Honestly, people, do you REALLY need to buy another ten thousand Chinese
lights for the house? When you buy a five dollar string of light, about
fifty cents stays in the community. If you have those kinds of bucks to
burn, leave the mailman, trash guy or babysitter a nice BIG tip.

You see, Christmas is no longer about draining American pockets so that
China can build another glittering city. Christmas is now about caring about
US, encouraging American small businesses to keep plugging away to follow
their dreams. And, when we care about other Americans, we care about our
communities, and the benefits come back to us in ways we couldn't imagine.

THIS is the new American Christmas tradition.

Forward this to everyone on your mailing list -- post it to discussion
groups -- throw up a post on Craigslist in the Rants and Raves section in
your city -- send it to the editor of your local paper and radio stations,
and TV news departments. This is a revolution of caring about each other,
and isn't that what Christmas is about?

Monday, November 07, 2011

Broke the Barrier

With all that has gone on this year, starting with my arm injury last Dec., I had lost my quilting mojo. I'd walk into the sewing room, and walk out again, totally overwhelmed and uninspired. I didn't even buy any fabric between October last year and August of this year. Not that I really needed much--my stash is getting unmanageable.

But by late September, things had begun to turn around, and I finished 3 placemats for a blogging friend's children. I didn't think to take pictures, but she did, and they're on her site, here. I handquilted the center panels, as there were parts I wanted to stand out more, and then machine quilted the outer parts, all with glow in the dark thread--and it really does glow!

I also started 3 wall hangings for my own house for Halloween, but didn't get them finished.
As you can see, I've only reached the sandwiching stage. I have some embellishments to add as well, but they probably won't get picked up again until after the holidays.

In preparation for hanging them, I bought this hanger from Ackfeld Manufacturing:
Is this not the cutest thing?

They sent me a catalog with some of their products: fabric hangers, fabric hooks, ornament holder, etc.

I had never heard of them before, but I really like what they have, and will probably order some of their hangers to include with wall-hanging gifts. I know I never seem to be able to do justice to some of my little quilts with just a dowel and ribbon.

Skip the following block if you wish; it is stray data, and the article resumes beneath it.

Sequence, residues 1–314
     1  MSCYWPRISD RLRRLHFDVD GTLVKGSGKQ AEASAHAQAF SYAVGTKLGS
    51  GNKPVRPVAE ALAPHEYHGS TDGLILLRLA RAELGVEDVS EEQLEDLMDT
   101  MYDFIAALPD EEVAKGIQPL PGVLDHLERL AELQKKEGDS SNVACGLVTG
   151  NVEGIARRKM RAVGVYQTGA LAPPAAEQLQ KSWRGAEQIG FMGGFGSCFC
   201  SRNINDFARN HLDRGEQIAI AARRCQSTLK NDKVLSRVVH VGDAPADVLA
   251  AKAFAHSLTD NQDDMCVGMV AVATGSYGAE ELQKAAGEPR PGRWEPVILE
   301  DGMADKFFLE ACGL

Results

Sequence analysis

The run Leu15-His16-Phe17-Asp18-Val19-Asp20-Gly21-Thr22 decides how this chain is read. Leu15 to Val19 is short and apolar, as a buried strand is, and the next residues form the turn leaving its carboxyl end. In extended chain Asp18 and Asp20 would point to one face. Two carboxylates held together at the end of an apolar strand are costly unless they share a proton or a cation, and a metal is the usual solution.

What do you use for hanging wall quilts?

Tuesday, November 01, 2011

More Pictures from 10/31

A bit blurry--it was hard to stand still long enough for a night shot, but it's the only one I have of the whole scene under the tent.

The Mourners.

The "deceased".

  Zombie Girl.

Freaky Spider.

Welcome to November, everyone.

"Over, Done With, Gone."

(Can you identify that quote?)

Where do I start????

Since I have lost 4 family members and a good friend all in 10 months' time, I just didn't get into the Hallowe'en frame of mind as early this year. If you've followed my blog, you know that I start dreaming of props and spooks and things that go bump in the night 'long about May or June, and usually have a theme by July.  DD came up with a theme for me, and I really like it, but never got around to putting it together, so I've decided to use her idea next year, and no, I am NOT sharing that right now, thankyouverymuch.

So I'd just decided to put most all my stuff out there, sort of in stations, for people to walk around and view. Aliens over here, mad scientist's paraphernalia over there, and a cemetery in the upper 40. Okay, yard.

I pulled out my 2 life-sized skeletons and Short Stuff (the little skeleton) and placed them in lawn chairs. Then I pulled out my casket from under the back deck where it had been tarped all year, and stacked it on 4 pallets I'd picked up from the loading dock at the hospital.

Hmmm, what if it rained? I guess I could still use the tarp, but wait: I have the canopy tent I bought last year for my Gypsy Curse theme.  I could place that over the casket. Then, bingo, ladies and gentlemen, we have a theme: The Funeral.

What can I say? It's certainly been on my mind this year.

So for the last 2 weeks, I've been in a frenzy, trying to put everything together. I bought the 12 pumpkins, but when it came time to carve them, only 4 were soft enough to carve. The other 8 were hard as gourds, necessitating a large knife and a mallet to pierce them!  All I could do with those were geometric faces--the usual triangles, etc. It took way longer than usual, and put me even farther behind. The good thing is, I got to watch some of my favorite Hallowe'en movies while brutalizing pumpkins!

Bless her heart, one of my neighbors came over about 3:30, walking her dog, and decided to help me get the last minute stuff done. It was probably the first year I've not regretted them changing Daylight Savings Time to the first Sun. of November instead of the last Sun. in October. We only got one Trick-or-Treater before 6:15.

Here are some stills from the evening. I was so busy, I didn't get out there to take pictures at twilight, which is the best time for Hallowe'en pics, so I'm debating lighting all the candles and battery-powered flicker candles tomorrow evening just so I can get good photos.